Accuse him of bias if you will but you cannot claim he is inconsistent. He despises them all – or more specifically their rulings on front row play – equally.
“One of the major problems rugby faces when referees tend to manage games rather than blowing infringements, is their almost universal ignorance of what is really happening in the front row,” is his oft repeated mantra which is regularly interspersed with loud cries of “No, MAN!” when he considers the man with the whistle has got it wrong in this highly technical area.
Referees, his considered opinion runs, would be far better off offering the advice Roman Poite handed England’s players in the Six Nations game against Italy when they queried the Azzurri refusing to commit players to the breakdown. “I’m a referee, not your coach,” Poite pointed out.
“I’ll be the first to admit that being a prop is a specialised job,” the Perennial Prop said, returning to the subject at hand, “and that it is often far easier to judge things like knock-ons, forward passes and infringements in the lineouts,” he offered.
“But while the technology is there to rule on dangerous and unfair tackles and issuing penalties or cards in these cases, things which are not running smoothly in the engine-room of the setpiece don’t get the same treatment. I don’t really know but the powers-that-be at World Rugby probably don’t deem this as part of the referee’s job description or an area which can be examined by the TMO.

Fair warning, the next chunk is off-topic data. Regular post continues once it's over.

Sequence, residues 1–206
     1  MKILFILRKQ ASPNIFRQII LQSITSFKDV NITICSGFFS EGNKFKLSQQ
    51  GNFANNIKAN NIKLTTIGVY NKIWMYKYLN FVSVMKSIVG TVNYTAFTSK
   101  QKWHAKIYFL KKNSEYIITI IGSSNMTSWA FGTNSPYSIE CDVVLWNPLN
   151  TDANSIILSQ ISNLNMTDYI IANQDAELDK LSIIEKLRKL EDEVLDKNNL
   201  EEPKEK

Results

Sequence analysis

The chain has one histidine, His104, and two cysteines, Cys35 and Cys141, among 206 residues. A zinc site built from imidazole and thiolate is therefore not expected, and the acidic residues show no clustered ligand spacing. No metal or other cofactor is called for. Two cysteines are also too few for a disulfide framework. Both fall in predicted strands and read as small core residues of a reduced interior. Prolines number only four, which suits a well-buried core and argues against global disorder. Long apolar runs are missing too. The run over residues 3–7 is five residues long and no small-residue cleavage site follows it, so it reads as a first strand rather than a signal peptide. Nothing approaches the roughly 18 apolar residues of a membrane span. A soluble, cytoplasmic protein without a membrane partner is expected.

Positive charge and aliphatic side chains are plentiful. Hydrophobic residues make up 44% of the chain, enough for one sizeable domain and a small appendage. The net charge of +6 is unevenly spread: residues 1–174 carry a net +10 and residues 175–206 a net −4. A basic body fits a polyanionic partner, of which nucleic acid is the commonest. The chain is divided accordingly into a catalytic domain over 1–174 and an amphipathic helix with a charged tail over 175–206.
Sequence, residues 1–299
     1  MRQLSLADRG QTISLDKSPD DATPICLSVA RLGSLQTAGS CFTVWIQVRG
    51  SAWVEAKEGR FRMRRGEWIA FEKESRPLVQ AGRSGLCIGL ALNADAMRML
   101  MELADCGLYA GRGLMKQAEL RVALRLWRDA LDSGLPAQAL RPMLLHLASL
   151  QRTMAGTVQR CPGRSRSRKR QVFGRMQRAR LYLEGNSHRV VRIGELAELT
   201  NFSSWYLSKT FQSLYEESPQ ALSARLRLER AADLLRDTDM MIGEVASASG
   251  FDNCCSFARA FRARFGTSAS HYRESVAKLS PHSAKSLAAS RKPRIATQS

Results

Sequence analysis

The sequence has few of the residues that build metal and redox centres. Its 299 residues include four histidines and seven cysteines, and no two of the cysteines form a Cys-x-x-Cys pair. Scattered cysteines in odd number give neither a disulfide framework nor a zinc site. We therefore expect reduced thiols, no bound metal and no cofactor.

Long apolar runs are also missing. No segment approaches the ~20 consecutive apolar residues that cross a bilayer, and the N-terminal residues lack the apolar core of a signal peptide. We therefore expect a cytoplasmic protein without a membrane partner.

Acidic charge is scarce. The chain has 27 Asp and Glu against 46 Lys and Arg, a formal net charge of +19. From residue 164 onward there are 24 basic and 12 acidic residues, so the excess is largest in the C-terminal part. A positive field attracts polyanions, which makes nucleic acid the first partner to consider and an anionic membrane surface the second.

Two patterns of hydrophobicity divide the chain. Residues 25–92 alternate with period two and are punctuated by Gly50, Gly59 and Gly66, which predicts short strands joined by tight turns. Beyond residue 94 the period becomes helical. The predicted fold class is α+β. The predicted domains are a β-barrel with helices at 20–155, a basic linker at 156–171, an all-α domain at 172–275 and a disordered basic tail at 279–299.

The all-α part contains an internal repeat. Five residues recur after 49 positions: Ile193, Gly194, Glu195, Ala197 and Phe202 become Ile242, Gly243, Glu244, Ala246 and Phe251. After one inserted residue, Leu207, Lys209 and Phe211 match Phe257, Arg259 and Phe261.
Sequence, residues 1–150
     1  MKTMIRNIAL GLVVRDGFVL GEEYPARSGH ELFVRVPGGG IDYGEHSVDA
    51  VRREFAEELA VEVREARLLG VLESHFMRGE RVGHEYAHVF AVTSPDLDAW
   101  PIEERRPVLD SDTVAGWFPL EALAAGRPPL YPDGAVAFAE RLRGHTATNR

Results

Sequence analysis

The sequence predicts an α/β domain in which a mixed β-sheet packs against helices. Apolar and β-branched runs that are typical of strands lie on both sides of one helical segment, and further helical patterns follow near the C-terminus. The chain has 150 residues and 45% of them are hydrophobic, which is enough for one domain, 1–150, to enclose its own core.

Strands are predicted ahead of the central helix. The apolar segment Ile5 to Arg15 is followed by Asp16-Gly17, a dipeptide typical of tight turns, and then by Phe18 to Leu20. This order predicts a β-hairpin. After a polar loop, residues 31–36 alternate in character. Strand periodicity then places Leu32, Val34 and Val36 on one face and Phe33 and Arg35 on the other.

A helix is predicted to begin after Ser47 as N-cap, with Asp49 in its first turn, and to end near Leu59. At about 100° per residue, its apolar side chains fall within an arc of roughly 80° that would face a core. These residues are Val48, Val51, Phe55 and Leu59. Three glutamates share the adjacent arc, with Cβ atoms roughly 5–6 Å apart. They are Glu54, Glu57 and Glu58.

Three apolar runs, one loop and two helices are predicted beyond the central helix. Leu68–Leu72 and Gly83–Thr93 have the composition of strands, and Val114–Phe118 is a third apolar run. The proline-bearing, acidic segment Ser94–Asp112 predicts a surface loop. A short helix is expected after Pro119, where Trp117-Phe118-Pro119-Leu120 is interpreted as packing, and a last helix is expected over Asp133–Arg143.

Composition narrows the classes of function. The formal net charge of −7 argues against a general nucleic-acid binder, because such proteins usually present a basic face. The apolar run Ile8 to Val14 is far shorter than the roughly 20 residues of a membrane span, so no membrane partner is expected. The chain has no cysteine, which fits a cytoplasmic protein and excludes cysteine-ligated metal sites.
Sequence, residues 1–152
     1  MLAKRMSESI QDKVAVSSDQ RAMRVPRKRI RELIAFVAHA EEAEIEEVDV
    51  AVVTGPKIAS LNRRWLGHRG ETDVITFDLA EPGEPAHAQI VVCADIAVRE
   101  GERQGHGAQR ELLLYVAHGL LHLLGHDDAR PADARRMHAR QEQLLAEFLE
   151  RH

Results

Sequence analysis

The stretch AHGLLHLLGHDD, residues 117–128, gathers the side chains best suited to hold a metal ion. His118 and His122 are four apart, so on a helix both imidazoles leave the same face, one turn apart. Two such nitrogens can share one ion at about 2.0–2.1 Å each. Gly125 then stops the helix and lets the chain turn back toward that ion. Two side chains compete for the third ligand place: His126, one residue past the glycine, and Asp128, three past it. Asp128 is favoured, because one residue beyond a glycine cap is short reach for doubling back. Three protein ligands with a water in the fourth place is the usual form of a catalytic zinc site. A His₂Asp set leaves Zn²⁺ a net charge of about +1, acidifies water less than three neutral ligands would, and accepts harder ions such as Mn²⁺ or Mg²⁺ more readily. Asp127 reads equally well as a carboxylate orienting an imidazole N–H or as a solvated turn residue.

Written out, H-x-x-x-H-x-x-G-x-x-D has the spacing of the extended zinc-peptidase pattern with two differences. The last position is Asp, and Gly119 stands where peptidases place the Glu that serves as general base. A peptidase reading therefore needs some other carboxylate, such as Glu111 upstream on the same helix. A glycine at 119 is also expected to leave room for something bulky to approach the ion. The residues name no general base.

“If this is the case – and I strongly suspect it is so simply for the time it would take in reviewing them – the authorities have got it 100% wrong. A couple of reviews on troublesome scrummaging would quickly explain where the problems lie and assist the referee far more accurately than any opinion voiced from the sideline.
“Besides, these are penalisable offences which are being passed over on any number of occasions, quite apart from an illegally collapsed scrum being potentially far more dangerous than many of the high tackles which are blown up. A loosehead deliberately dropping the bind is a penalty. And a whole front row crashing to the ground – hard, I have to add – can cause some lasting, long-term injuries. Simply ruling that the scrum has collapsed and resetting it cannot even vaguely be the answer. The referees need to catch a wake-up.”
There is another facet to this that the Perennial Prop – ironically, a man who still carries his kit in the boot on the off-chance he might get a run in a Golden Oldies game – believes strongly in. “A lot of front row forwards go on far too long,” he said.
“One of the saddest sights to see is a forward, who might have been a great player in his day, being buckled like a wet rag. “But being in the front row is a bit like an addiction… just one more game.”